Electronic Pillbox May Improve Adherence To Complicated Medication Regime

MedicalResearch.com Interview with:

Bethany J. Foster, MD MSCE Montreal Children’s Hospital Department of Pediatrics,  Department of Epidemiology, Biostatistics, and Occupational Health McGill University, Montreal, QC, Canada

Dr. Foster

Bethany J. Foster, MD MSCE
Montreal Children’s Hospital
Department of Pediatrics,
Department of Epidemiology, Biostatistics, and Occupational Health
McGill University, Montreal, QC, Canada

MedicalResearch.com: What is the background for this study?

Response: Adolescent and young adult kidney transplant recipients have the highest risk of graft loss of any age group. One of the main reasons for this is not taking their anti-rejection medications as prescribed. Our study had the goal of testing an intervention to try to improve young patients’ adherence to their strict medication schedule. The intervention included feedback of how well they were taking their medications (which was monitored electronically), text message reminders for medication doses, and individualized coaching to address their personal barriers to taking their medications.

 MedicalResearch.com: What are the main findings?

Response: We found that patients who had received the intervention took their medications more consistently and more consistently on time than those who did not get the intervention.

MedicalResearch.com: What should readers take away from your report? 

Response: Our study showed that it is possible to help young people who need long term medications to take them on time every time — and that we can use technology to help with this. For people with kidney transplants, this is likely to lead to better survival of the transplanted kidney and better health overall.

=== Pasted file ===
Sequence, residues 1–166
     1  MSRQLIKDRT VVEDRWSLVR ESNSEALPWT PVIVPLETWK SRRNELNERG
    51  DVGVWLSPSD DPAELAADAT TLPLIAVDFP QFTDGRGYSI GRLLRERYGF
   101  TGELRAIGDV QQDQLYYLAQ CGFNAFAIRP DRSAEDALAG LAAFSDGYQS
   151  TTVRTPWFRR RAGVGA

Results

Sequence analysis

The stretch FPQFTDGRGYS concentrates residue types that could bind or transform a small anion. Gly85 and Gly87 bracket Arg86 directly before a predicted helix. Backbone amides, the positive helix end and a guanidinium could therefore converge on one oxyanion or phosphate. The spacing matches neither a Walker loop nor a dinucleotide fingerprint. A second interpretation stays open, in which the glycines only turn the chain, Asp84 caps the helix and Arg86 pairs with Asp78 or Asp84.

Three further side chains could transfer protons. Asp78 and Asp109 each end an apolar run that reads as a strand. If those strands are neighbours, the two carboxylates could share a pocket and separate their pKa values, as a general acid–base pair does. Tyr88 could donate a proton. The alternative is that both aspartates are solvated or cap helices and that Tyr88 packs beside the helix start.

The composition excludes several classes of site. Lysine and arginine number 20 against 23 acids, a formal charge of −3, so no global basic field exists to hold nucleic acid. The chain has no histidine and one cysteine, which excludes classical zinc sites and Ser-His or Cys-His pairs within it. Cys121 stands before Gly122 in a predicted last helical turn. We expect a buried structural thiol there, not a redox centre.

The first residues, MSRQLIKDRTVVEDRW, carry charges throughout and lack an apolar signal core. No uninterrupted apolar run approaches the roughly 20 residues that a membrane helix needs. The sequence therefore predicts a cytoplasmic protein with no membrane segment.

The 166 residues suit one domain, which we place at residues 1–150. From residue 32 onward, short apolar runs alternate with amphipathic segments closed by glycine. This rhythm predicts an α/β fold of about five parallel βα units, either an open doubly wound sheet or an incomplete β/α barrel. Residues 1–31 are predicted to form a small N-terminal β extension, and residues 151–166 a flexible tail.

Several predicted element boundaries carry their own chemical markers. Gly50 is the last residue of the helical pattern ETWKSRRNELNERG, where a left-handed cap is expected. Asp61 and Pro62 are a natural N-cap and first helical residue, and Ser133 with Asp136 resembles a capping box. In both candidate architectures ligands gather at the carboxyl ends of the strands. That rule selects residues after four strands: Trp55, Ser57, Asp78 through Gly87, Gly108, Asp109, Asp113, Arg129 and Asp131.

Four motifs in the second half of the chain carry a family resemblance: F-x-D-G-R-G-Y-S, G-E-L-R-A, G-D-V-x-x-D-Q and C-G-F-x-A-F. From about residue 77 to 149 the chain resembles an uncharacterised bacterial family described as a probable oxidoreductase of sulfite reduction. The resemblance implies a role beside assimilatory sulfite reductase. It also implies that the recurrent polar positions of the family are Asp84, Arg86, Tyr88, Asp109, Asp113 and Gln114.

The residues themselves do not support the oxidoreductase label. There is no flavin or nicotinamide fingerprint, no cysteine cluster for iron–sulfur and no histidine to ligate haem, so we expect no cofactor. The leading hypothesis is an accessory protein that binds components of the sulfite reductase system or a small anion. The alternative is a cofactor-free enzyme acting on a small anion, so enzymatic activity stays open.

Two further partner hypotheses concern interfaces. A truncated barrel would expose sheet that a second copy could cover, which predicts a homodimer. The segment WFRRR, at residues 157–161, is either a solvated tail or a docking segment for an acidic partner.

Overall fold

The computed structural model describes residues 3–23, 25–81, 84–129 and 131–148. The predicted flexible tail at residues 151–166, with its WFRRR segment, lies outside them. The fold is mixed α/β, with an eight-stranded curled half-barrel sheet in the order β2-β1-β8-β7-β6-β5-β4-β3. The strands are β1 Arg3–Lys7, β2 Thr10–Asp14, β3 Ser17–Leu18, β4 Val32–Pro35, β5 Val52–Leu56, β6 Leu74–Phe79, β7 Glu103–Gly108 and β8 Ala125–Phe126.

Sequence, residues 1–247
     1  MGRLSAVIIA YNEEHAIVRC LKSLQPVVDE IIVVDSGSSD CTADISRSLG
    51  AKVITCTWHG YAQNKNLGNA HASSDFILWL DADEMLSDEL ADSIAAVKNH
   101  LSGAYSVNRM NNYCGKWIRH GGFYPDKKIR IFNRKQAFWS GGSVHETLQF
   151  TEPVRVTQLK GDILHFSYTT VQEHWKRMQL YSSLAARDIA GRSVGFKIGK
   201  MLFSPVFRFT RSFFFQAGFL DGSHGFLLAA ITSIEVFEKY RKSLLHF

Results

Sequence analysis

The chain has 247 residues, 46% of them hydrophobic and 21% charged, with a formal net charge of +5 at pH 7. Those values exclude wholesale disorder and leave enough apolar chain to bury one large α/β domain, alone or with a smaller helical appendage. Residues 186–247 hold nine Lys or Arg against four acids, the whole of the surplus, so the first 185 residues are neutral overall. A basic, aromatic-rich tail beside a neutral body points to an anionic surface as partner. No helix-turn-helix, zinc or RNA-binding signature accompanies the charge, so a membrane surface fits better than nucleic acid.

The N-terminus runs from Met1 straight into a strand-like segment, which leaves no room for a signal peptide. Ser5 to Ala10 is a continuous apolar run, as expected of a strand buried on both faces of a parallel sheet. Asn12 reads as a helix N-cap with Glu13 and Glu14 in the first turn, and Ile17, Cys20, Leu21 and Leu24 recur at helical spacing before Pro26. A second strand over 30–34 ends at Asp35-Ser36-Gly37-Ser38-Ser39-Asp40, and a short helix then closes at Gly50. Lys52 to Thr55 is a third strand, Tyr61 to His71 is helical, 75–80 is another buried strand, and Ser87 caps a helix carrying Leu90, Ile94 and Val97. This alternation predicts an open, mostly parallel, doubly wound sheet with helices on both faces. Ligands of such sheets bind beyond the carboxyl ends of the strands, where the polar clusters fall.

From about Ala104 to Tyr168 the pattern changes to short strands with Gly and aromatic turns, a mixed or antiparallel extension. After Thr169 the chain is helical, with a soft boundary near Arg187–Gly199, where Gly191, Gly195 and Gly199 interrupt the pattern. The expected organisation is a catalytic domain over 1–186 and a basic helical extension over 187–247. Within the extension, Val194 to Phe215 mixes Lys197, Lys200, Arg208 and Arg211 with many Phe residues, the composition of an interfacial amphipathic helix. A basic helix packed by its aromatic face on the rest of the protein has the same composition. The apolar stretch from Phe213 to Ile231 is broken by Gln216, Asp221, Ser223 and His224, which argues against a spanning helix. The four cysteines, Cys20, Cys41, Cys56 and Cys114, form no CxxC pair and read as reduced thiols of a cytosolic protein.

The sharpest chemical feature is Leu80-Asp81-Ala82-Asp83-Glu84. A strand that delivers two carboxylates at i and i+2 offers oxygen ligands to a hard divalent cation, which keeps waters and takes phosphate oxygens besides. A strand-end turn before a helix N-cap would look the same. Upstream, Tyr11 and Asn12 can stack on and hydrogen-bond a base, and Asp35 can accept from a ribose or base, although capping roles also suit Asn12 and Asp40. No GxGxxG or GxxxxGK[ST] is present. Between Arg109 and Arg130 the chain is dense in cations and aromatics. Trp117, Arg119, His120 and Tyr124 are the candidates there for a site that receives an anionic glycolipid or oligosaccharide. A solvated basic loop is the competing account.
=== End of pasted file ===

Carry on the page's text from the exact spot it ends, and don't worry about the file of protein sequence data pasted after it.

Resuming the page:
MedicalResearch.com: What recommendations do you have for future research as a result of this work?

Response: Even though our intervention worked, the electronic pillbox we used was not ideal for active, young people. It was too big and not portable. In addition, we still need to figure out how to make this intervention part of usual clinical care. We are now conducting a new study called TAKE-IT TOO (takeittoo.org) in which we are working with patients, parents and healthcare professionals — and in partnership with Vaica Medical, the company that makes the electronic pillbox — to design a better, portable pillbox specifically for young people. We are also working to adapt the intervention so that it can be delivered in the clinic by the doctors and nurses taking care of these patients.

MedicalResearch.com: Is there anything else you would like to add?

Response: There is a lot of work left to do to improve outcomes for transplant recipients. A lot of great work is going on through the Canadian National Transplant Research Program (www.cntrp.ca)

Disclosures: Both the TAKE-IT study and the new study (TAKE-IT TOO) are funded by the U.S. National Institutes of Health.


A Randomized Trial of a Multicomponent Intervention to Promote Medication Adherence: The Teen Adherence in Kidney Transplant Effectiveness of Intervention Trial (TAKE-IT)

Bethany J. Foster, Ahna L.H. Pai, Nataliya Zelikovsky, Sandra Amaral, Lorraine Bell, Vikas R. Dharnidharka, Diane Hebert, Crystal Holly, Baerbel Knauper, Douglas Matsell, Veronique Phan, Rachel Rogers, Jodi M. Smith, Huaqing Zhao, Susan L. Furth

DOI: https://doi.org/10.1053/j.ajkd.2017.12.012
Publication stage: In Press Corrected Proof
Published online: March 27, 2018

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Last Updated on March 27, 2018 by Marie Benz MD FAAD